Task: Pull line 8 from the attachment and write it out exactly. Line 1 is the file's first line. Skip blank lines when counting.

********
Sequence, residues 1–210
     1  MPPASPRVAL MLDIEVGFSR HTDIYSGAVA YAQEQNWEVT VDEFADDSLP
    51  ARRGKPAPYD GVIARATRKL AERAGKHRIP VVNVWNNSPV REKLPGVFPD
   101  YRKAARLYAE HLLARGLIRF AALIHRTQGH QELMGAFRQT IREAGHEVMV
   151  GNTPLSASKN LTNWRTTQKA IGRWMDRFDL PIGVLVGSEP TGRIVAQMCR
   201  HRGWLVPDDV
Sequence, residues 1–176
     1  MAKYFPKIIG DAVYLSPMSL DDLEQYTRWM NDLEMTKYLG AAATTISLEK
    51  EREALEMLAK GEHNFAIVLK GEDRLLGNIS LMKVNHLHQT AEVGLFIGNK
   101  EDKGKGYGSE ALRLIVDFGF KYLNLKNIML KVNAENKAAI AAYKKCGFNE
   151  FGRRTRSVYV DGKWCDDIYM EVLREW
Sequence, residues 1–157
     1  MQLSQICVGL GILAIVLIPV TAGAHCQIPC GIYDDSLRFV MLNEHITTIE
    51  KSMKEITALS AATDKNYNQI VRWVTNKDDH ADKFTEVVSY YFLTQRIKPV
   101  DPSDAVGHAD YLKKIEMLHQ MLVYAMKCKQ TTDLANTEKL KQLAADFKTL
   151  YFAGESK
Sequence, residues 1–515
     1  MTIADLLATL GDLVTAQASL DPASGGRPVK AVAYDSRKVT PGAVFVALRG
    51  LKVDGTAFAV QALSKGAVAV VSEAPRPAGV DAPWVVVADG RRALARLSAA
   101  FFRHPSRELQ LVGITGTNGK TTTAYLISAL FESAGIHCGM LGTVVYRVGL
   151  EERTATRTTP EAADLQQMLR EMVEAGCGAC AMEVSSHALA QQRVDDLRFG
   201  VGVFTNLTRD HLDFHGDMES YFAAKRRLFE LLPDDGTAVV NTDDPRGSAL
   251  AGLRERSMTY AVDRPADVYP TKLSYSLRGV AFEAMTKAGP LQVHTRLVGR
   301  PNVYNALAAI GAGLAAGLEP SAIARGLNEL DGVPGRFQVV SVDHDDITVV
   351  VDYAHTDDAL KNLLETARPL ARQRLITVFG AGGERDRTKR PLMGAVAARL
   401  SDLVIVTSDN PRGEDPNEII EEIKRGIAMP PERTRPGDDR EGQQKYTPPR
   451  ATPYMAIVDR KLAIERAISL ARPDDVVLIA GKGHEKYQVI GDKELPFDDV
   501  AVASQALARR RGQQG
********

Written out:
     1  MAKYFPKIIG DAVYLSPMSL DDLEQYTRWM NDLEMTKYLG AAATTISLEK